PROPER STEPS Senator Mark Daly says long-term planning and preparation needed for united Ireland

LONG-term planning and preparation is required for a united Ireland, an Irish senator has said.

Mark Daly said the Brexit crisis showed the unforeseen consequences of holding a referendum without proper preliminary steps.

Taoiseach Leo Varadkar has previously warned that now is not the time to prepare for a referendum on a united Ireland.

Senator Daly said: “The major lesson for Ireland from the Brexit crisis is the unforeseen consequences of holding a referendum without proper planning.

“A united Ireland requires long-term planning and preparation with all sides.”

He analysed court documents from victims’ campaigner Raymond McCord’s recent legal challenge surrounding Brexit.

Mr Daly said: “As it stands, a referendum on a united Ireland could potentially be decided by the Secretary of State before a single vote is cast.

“The Secretary of State for Northern Ireland cannot say the majority are or are not in favour of a united Ireland until it is decided who will be allowed to vote in a referendum.”

He said there was an urgent need for more policy and greater clarity.

A recent poll revealed more than two-thirds of voters in Northern Ireland believe Brexit will make a United Ireland more likely within the next 10 years.

Senator Daly said: “My response to the Taoiseach is that policy neglect seldom goes unpunished and we are well aware that Northern Ireland has a tragic history of denying people the right to vote.

“The future referendum on a united Ireland cannot be another chapter in that story.”

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Senator: Long-term plan needed for united Ireland

https://www.irishexaminer.com/breakingnews/ireland/senator-long-term-plan-needed-for-united-ireland-960331.html

Senator: Long-term plan needed for united Ireland

Long-term planning and preparation is required for a united Ireland, an Irish senator has said.

Mark Daly said the Brexit crisis showed the unforeseen consequences of holding a referendum without proper preliminary steps.

Policy neglect seldom goes unpunished and we are well aware that Northern Ireland has a tragic history of denying people the right to vote. The future referendum on a united Ireland cannot be another chapter in that story

Mr Daly said: “The major lesson for Ireland from the Brexit crisis is the unforeseen consequences of holding a referendum without proper planning.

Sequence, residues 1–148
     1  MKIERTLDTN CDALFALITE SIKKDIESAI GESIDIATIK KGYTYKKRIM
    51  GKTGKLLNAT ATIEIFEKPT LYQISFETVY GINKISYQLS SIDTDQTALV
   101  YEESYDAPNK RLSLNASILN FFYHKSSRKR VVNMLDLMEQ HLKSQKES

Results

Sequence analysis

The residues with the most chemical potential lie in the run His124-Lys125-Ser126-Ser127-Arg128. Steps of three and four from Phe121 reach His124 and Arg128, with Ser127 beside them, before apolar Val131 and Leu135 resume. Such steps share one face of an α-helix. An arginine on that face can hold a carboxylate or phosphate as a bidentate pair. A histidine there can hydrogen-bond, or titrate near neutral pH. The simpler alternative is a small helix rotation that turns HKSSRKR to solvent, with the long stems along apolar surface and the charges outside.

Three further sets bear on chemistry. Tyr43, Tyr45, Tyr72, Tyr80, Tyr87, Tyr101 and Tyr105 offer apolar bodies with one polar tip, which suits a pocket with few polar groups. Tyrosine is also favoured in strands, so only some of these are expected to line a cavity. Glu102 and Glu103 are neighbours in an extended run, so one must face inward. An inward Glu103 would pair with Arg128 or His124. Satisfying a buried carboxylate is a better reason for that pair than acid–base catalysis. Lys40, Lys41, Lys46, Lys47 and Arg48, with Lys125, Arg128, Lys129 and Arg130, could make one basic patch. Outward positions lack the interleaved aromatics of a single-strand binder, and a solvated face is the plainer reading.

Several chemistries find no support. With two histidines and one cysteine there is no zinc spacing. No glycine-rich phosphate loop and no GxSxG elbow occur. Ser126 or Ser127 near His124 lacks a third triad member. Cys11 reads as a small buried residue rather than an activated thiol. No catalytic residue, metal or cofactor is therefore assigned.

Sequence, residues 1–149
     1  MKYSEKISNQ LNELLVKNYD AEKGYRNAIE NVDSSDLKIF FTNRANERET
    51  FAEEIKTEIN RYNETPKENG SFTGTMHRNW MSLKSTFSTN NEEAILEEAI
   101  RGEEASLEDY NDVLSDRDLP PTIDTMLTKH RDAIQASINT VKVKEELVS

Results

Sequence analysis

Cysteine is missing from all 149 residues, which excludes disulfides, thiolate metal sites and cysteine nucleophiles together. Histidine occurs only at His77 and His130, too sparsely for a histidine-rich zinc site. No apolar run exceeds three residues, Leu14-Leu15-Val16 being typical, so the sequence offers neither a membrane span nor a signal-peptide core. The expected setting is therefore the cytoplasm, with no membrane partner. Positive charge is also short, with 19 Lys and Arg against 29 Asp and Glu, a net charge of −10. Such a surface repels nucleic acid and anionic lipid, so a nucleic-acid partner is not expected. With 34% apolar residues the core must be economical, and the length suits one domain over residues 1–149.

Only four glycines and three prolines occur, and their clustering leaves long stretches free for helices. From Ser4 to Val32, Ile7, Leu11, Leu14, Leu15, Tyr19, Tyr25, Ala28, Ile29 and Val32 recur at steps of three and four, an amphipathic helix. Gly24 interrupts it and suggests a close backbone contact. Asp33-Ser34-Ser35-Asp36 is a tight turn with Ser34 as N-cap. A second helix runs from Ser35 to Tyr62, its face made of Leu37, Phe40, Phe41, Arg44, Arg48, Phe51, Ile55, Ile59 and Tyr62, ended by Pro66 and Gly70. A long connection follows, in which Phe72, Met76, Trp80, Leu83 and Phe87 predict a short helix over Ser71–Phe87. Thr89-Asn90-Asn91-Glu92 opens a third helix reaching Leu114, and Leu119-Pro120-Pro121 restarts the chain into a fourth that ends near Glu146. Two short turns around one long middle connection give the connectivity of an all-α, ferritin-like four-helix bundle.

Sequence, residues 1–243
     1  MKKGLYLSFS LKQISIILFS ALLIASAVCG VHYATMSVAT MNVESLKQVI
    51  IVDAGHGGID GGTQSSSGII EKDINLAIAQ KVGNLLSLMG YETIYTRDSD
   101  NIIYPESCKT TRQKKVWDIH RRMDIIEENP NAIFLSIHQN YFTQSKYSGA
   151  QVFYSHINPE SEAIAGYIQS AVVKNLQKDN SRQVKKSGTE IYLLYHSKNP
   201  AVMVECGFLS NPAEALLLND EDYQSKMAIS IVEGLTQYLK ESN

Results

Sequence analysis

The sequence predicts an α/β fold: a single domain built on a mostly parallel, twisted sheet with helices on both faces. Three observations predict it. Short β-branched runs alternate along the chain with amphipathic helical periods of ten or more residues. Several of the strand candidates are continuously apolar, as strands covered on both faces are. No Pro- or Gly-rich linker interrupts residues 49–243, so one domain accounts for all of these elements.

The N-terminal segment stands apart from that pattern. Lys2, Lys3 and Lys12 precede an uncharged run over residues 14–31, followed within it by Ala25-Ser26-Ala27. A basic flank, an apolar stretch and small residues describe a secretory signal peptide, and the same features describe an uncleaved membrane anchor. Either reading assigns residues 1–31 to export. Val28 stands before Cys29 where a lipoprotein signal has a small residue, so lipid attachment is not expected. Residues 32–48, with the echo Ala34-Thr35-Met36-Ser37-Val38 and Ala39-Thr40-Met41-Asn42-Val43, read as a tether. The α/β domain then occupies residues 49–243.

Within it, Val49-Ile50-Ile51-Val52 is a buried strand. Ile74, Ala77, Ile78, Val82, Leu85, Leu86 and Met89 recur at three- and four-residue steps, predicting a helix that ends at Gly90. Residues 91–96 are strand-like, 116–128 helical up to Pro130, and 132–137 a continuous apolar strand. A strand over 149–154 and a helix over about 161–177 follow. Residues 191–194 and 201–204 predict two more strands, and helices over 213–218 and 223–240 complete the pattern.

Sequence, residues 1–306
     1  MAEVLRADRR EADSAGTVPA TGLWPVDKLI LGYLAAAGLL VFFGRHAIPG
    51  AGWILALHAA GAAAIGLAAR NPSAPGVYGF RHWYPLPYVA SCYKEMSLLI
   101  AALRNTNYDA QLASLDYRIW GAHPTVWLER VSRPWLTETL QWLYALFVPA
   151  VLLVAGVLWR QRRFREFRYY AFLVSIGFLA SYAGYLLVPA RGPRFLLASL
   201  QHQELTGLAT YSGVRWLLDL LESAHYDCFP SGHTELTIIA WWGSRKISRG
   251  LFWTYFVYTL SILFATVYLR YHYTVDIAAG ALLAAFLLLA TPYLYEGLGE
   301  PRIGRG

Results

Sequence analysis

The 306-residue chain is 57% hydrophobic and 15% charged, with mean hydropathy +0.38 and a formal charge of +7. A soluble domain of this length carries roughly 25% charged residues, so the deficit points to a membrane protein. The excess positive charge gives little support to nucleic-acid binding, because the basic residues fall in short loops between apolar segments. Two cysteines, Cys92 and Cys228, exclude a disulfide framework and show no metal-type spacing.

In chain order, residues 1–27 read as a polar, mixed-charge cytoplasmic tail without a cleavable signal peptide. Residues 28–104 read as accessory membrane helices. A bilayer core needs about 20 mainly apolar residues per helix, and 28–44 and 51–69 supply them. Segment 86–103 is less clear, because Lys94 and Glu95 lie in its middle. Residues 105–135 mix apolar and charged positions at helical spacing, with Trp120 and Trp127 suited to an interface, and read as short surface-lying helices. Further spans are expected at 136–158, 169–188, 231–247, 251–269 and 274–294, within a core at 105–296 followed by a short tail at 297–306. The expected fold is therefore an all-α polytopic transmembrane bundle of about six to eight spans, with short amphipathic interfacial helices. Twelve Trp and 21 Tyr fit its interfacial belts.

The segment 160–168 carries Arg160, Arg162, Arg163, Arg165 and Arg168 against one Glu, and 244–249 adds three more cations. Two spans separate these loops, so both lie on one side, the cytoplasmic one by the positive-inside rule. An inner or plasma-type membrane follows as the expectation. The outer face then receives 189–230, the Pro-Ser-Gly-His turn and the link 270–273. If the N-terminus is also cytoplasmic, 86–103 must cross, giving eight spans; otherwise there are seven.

“A united Ireland requires long-term planning and preparation with all sides.”

He analysed court documents from victims’ campaigner Raymond McCord’s recent legal challenge surrounding Brexit.

Mr Daly said: “As it stands, a referendum on a united Ireland could potentially be decided by the Secretary of State before a single vote is cast.

“The Secretary of State for Northern Ireland cannot say the majority are or are not in favour of a united Ireland until it is decided who will be allowed to vote in a referendum.”

He said there was an urgent need for more policy and greater clarity.

Mr Varadkar has said the time is not right to begin official planning for a referendum on Irish unity.

A recent poll revealed more than two-thirds of voters in Northern Ireland believe Brexit will make a United Ireland more likely within the next 10 years.

Senator Daly said: “My response to the Taoiseach is that policy neglect seldom goes unpunished and we are well aware that Northern Ireland has a tragic history of denying people the right to vote. The future referendum on a united Ireland cannot be another chapter in that story.”

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Op Ed: A united Ireland will depend on long, careful planning- and on finding out who can actually vote

Referendum Opinion Piece Irish Indepndent

https://www.independent.ie/opinion/comment/mark-daly-a-united-ireland-will-depend-on-long-careful-planning-and-on-finding-out-who-can-actually-vote-38640471.html

A united Ireland will depend on long, careful planning- and on finding out who can actually vote

As it stands, the referendum on a United Ireland may be decided before a single vote is cast. Under the Good Friday Agreement, the Secretary of State for Northern Ireland has not only the sole power to call a referendum, but also has the sole power to decide who gets to vote in the referendum.

This little-known fact is central to the future of this island. To date the Secretary of State has declined to make clear who will be allowed to vote in a referendum on a United Ireland and also declined to produce a policy on how it would be determined that a majority are in favour of a United Ireland.

Would it be based on recent election results, opinion polls or a combination of both?

Under the Good Friday Agreement, the Secretary must call a referendum when they believe the majority of people are in favour of a United Ireland.

If the Secretary of State has not decided who is entitled to vote in a referendum how, logically, can he or she say that the majority are, or are not, in favour of a United Ireland?